Iraq's First No-Frills Airline Takes Flight

An upstart airline operating weekly flights between Baghdad and Amman, Jordan, is billing itself as the first no-frills airline to operate out of Iraq, but the company is restricting more than just food and booze on its flights.

The airline is also banning Iraqis, Indians, Pakistanis and other non-Westerners from traveling.

Expat Airways said it is only accepting U.S. and Western citizens on its flights as it tries to capitalize on the thousands of U.S. contractors traveling in and out of the Iraqi capital each month. The airline, which landed its first 42-seat Russian Antonov turboprop at Baghdad International Airport Monday, is thought to be the first to bar passengers based on nationality.

U.S. and European carriers are restricted from the practice, according to the Federal Aviation Administration. Ahmed al Musawi, a spokesman for the Iraqi Transportation Ministry, called Expat's flight restrictions ''immoral'' but said there are no federal laws in Iraq banning such actions.

''If they have a contract to do it, we can not stop them,'' said Musawi.

Pro Group, which has offices in Amman and the U.K., launched Expat Airways in conjunction with the Jordanian Air Force. Ashraf Mraish, a managing director at Pro Group, said Jordan's tight visa restrictions -- not racism -- drove the decision to exclude non-Westerners. Jordan imposed strict entry requirements for Iraqis after being overwhelmed by refugees since the start of U.S.-led conflict in Iraq.

'Hard to Do Business'

The United Nations estimates that some 50,000 Iraqis still enter Jordan each month despite tougher border controls. Many live a marginal underground existence because they don't have proper documents.

Some Jordanians blame the refugees for a surge in inflation and housing costs, while fearing the Iraqis will bring their ethnic feuds to Jordan, harming the country's fragile social peace. In 2005, three bombings at Amman hotels, thought to be carried out by al Qaeda operatives based in Iraq, killed more than 60 people. Since then, security procedures throughout the country have tightened considerably, according to Jordanian government officials.

But the flight ban is angering some Iraqis who see it as an unneeded hurdle to economic progress here.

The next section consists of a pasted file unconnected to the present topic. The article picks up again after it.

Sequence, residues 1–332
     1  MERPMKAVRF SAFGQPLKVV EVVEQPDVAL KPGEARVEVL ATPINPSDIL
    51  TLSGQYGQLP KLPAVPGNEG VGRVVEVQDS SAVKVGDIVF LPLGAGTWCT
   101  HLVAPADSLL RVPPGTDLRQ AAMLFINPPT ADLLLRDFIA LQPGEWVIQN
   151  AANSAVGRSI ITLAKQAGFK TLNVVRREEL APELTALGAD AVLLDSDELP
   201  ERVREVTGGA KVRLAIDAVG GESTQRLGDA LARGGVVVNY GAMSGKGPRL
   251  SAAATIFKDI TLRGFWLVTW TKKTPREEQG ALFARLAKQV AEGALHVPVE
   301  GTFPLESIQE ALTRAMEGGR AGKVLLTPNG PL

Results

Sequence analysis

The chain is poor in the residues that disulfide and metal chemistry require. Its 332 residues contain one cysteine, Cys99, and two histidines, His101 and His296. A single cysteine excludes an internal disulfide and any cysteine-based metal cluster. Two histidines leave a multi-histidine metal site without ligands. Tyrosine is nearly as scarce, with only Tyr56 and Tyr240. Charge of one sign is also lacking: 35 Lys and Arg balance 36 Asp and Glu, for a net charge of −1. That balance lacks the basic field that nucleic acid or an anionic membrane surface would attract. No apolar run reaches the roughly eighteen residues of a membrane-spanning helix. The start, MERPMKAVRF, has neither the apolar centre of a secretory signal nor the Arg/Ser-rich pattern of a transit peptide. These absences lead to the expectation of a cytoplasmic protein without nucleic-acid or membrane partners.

''These rules make it harder for people like me to do business,'' said Bashar Eiyuuden, 34, an Iraqi who works with several U.S. contractors in Bagdad and northern Iraq. Eiyuuden, who sometimes commutes to and from Amman for meetings, said the restrictions ''are racist in nature.''

''Just like Westerners, Iraqis need to move and operate if we are to see true economic progress here," Eiyuuden said.

Mraish said his airline isn't to blame for the restrictions. The carrier's early morning flights out of Baghdad are designed to help speed U.S. and Western contractors through Baghdad International Airport, where daylong delays, overbooking and no-show planes are common. Allowing non-Westerners to board would slow security check-ins and add mountains of paperwork to the ticketing process, he said.

Aimed at Contractors

Contract workers outnumber the 150,000 U.S. troops in Iraq. More than 180,000 contractors are here, according to Defense Department estimates, helping to ferry supplies, control checkpoints and carry out other duties. Some 21,000 of them are Americans, the Department of Defense said. About 118,000 are Iraqis. The rest are from Pakistan, Peru and other foreign countries.

Royal Jordanian Airlines and Iraqi Airways are the only two scheduled commercial carriers flying between Baghdad and Amman. Expat's Baghdad flights will use Jordan's Marka Airport.

Carter Andress, chief executive of American Iraqi Solutions Group, a U.S. Department of Defense contractor in Baghdad, said he has had ''more than a few'' flights canceled or postponed during the dozen or so trips he's made to Baghdad since January 2004.

''It's kind of a headache when you need to get in or out of this place,'' he said. ''I'm a free marketer, so more competition in this arena is better.''

Even so, Andress, who employs about 1,000 Iraqis at his company, said he's hesitant to fly Expat. ''Frankly, I'm weary of contributing to what can be perceived here as bias to the Iraqi people.''

The cost of a one-way ticket on Expat Airways is $450, and the 500-mile trip is no-frills. No food or beverages are served and passengers are prohibited from bringing alcohol onboard. Seats are on a first-come, first-served basis and passengers have to load and unload their luggage. Tickets are paid in cash with no refunds. Reservations can be made by e-mail.